However, Sims 3 and Free Realms are examples of highly flexible but not hugely expensive resources that support a wide range of curriculum priorities. For those who need more convincing, the relatively new start-up MangaHigh is an encouraging effort to combine purposeful number-crunching alongside genuinely entertaining design and gameplay.
The dividing line can be uncertain and contextual, but as soon as kids sense that an activity or interaction prioritizes a lesson ahead of engagement and motivation, they seem to switch off.
Ordinarily, now would be the time to highlight a couple of points as key considerations. But it might be more helpful to draw attention to a particular approach that hasn’t been covered yet but that stands out from the rest.
Kids enjoy novelty, and adults go to a lot of trouble to organize parties and outings that give kids new ideas and novel experiences. Ideally, a website aimed at kids does the same. Ask yourself what you could offer that would fit seamlessly in their existing Web experience and that would enable them to do something they haven’t done before.
If you want to do that, you’ll need to suppress the urge to start on screen and spend a bit more time in the planning stage. The reward is a much tighter fit between your design and the kids you’re designing for.
Case Studies And Tutorials
The websites identified above as examples of good design share a number of characteristics, including a strong visual style, plenty of color and a focus on clarity. Cartoons are perhaps the most popular style right now, but designers have a lot of options. A look at the Periodic Table of Visualization Methods would help most teams. The right side of the table is the place to pick up ideas on designing for kids.
Archives and Museum Informatics reviews the design process for the Tate Gallery’s online resources for kids aged 6 to 12. The case study, titled “Doing It for the Kids: Tate Online on Engaging, Entertaining and (Stealthily) Educating Six to 12-Year-Olds,” offers a step-by-step approach to meeting the design requirements of a large organization. Cartoons and comics are not the only option, but they have a visual language that many kids appreciate. Scott McCloud’s Understanding Comics has been around for a while, and it is an invaluable guide to designing comic art or in a comic style in any media.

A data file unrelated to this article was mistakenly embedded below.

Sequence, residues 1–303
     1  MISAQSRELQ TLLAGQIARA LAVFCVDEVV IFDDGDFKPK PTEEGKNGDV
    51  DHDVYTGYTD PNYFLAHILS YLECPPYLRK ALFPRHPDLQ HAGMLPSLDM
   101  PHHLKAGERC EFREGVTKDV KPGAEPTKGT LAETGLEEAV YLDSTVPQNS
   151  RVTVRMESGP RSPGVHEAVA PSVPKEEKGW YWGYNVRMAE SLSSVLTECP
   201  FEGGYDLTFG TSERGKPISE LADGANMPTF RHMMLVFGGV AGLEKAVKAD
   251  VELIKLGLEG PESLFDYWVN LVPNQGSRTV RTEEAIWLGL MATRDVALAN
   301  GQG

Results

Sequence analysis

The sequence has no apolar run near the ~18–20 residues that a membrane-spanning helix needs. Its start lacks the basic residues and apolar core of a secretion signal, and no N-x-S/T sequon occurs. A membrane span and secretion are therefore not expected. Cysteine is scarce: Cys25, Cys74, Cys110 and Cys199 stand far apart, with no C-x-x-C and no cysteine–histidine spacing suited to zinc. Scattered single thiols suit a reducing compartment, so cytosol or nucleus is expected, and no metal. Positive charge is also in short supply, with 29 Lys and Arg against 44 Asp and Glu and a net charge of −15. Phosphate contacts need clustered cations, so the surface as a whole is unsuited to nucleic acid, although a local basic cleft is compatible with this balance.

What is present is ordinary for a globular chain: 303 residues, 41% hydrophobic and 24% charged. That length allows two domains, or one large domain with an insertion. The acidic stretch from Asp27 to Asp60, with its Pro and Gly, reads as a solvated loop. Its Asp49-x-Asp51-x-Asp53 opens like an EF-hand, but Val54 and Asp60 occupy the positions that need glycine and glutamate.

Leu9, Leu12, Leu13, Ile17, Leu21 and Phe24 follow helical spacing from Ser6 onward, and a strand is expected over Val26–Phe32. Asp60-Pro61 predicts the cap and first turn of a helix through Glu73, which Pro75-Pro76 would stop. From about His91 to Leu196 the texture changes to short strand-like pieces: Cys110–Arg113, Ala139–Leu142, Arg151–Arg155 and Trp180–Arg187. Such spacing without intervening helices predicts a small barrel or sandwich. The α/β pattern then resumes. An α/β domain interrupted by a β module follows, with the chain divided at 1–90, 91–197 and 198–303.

Participants in the 2011 SxSW Interactive festival visualized the entire conference using infographics. Their efforts led to the remarkable display of sketches, charts and diagrams on display at Ogilvy Notes. One of the visualizations is all about Web design for kids and well worth a visit. The chart provides a good starting point for thinking about what factors to take into account when mapping out a website for kids.
Web designers with strong graphic design skills have a valuable weapon in their arsenal. Those without affordable access to such skills could be at a disadvantage, but it’s surprising how much can be achieved with a digital camera and some cheap software. For example, Comic Life is inexpensive and able to apply a wide range of comic layouts and styles, yielding some fairly credible results in PDF format.
- Jacob Nielsen’s website on usability research
- “Usability of Websites for Teenagers,” Jacob Nielsen
- “Why Generation Y Is Changing the Web,” ReadWriteWeb
- “Designing Web Registration Forms for Kids,” Debra Gelman, A List Apart
- “Digital Natives: The Gender Issue” (PDF), PlayScience
- “Teenagers Love Digital Possessions Researchers Find,” Digital Trends
- “Guidelines,” Usability.gov
- Education Arcade
- Byron Report
You might be interested in the following related posts as well:
- Designing Websites for Kids: Trends and Best Practices
- Useful Ideas And Guidelines For Good Web Form Design
- Showcase of Creative Navigation Menus: Good and Bad Examples
- Designing For Kids Is Not Child’s Play